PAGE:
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Sarah at work in Kibera
From Stroud to Kibera: an Osteopath's journey
With a full-time career as an osteopath in Stroud, Sarah Spencer Chapman decided to take her skills and experience a little further afield...so she travelled to Kibera in Africa. She writes the following...
Kibera, on the outskirts of Nairobi is reputed to be the second largest slum area in the world. Official figures put the numbers at 1.5-2 million but on the ground, locals estimate three million and growing.
On the way to the clinic
Having spent 10 days there I am inclined to go with the greater figure. In the late 1970's this area was green forest. Now it is a sprawling over crowded deprived slum.
The Constant Gardner was filmed on location in Kibera, I watched it again last night. It made the hairs stand up on the back of my neck as the reality of the place leapt out of the screen. Putting aside the pharmaceutical thriller side of the story, the scenes and ambience of Kibera are accurate, evocative and truly what it is like.
I went to Kibera on the 9th August 2008 for 10 days to work as part of a medical team with Care Highway (CH). A relatively small but rapidly expanding NGO the brainchild of Chris Morrison who founded CH 10 years ago. He started with a tin which he half filled with his own money to take aid to Bosnia in a lorry full of donated clothes and food.
Sarah at work
From these small beginnings CH now supports projects of Humanitarian Aid in Bosnia, Serbia, Panama, South America and Africa. All projects have community health and education at heart, each clinic an orphanage or school attached.
35 of us were on this trip – 50 including local translators. 32 were Spanish, Doctors, Dentists, Nurses, Physiotherapists, Osteopaths, Pharmacists, Psychologists a teacher an economist and two children aged 13 and 15, an integral part of the team and invaluable as it turned out. Five of the practitioners were students of medicine and dentistry. For most it was the first time in Africa the first with CH.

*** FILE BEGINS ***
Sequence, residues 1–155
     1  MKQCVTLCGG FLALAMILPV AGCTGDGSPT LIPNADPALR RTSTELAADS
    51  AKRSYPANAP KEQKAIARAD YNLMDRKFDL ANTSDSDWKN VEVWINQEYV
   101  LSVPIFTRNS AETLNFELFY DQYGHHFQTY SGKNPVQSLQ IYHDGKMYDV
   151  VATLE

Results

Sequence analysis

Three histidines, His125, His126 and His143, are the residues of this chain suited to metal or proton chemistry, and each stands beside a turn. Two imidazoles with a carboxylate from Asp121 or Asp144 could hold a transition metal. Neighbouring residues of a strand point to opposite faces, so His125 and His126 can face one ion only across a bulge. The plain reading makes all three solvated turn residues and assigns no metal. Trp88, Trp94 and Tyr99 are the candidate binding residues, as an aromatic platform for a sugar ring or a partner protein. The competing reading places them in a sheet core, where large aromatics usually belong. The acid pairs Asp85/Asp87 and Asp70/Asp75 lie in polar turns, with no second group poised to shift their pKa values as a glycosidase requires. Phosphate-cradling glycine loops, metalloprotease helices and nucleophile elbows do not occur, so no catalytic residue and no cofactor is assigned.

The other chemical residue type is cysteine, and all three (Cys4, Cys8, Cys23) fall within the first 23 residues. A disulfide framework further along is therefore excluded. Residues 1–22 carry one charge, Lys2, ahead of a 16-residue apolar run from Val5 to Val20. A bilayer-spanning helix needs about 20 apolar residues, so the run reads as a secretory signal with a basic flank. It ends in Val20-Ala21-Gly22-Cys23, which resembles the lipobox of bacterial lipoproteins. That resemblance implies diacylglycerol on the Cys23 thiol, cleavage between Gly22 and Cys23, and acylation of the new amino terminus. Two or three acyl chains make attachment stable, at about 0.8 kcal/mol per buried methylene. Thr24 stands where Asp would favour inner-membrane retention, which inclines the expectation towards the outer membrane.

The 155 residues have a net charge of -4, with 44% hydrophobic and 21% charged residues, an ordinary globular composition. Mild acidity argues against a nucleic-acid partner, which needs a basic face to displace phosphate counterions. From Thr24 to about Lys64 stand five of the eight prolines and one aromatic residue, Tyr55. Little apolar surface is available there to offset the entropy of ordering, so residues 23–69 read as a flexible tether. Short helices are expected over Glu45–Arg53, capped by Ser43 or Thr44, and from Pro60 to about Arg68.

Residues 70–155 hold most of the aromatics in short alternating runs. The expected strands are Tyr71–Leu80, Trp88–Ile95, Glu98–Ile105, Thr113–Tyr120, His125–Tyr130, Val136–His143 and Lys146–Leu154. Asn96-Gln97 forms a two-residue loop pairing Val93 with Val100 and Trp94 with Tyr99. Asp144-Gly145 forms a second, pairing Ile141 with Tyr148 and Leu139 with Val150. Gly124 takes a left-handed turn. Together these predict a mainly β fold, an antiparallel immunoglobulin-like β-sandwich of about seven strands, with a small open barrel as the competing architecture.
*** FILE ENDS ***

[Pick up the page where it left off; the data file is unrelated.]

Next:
What stood out for me was the unity and strength of the entire team. In adverse often appalling conditions on a continent alien to most, all were open to cope with anything. We were painfully aware of the need to support each other in order to provide the care needed. Every single individual was valued and respected unquestionably for their contribution.
Stray dogs lay in dumped rubbish
The clinic was makeshift along side the single rail track in the depths of Kibera. CH managed to acquire a building last year which is now The Little School and Clinic. It takes 20 pupils funded by donations – just 15euros a month puts one child through school, clothing, feeding, equipping and attending to their medical needs.
The building boasts one of the few flushing toilets in Kibera and the building has a tap for fresh water. Most of Kibera has no infrastructure of water, sewerage or electricity, no rubbish collection, no free medical care or education. The average life expectancy is 30 years, if children make 15 they are lucky. Suffering chest infections, malaria, TB anyway, many HIV or AIDS the addiction to glue sniffing compounds already compromised systems and kills many children.
Our team treated around 1500 patients in the 7 days we were there and attended to many more. We de-wormed, gave vitamins to every child we could lay our hands on, treated with medication as many with TB, Malaria and other tropical diseases, supplied glasses and sunglasses and educated basic health advice.
A street in Kibera
Many believe Malaria comes from eating sugar cane – we informed them of the mosquito carrying the disease and advised how to minimise risk with basic hygiene measures, sweeping, clearing stagnant water etc. A local initiative ran an HIV/AIDS advice and support clinic that we linked up with to promote awareness.
Each and every one of us was humbled by our experiences, heartened by the spirit and sheer guts of the many we saw. Their humour was infectious, their spontaneous song and dance light in the grim reality of disease strewn, and stinking grimness of the reality of over crowded Kibera. We felt safe in a place we expected the worst, saw community spirit such as we appear at times to have lost in our home towns and countries where materially we have so much.
To support Care Highway or find out more about Sarah's business, Bodymatters Health, click on the following links...
last updated: 03/09/2008 at 15:00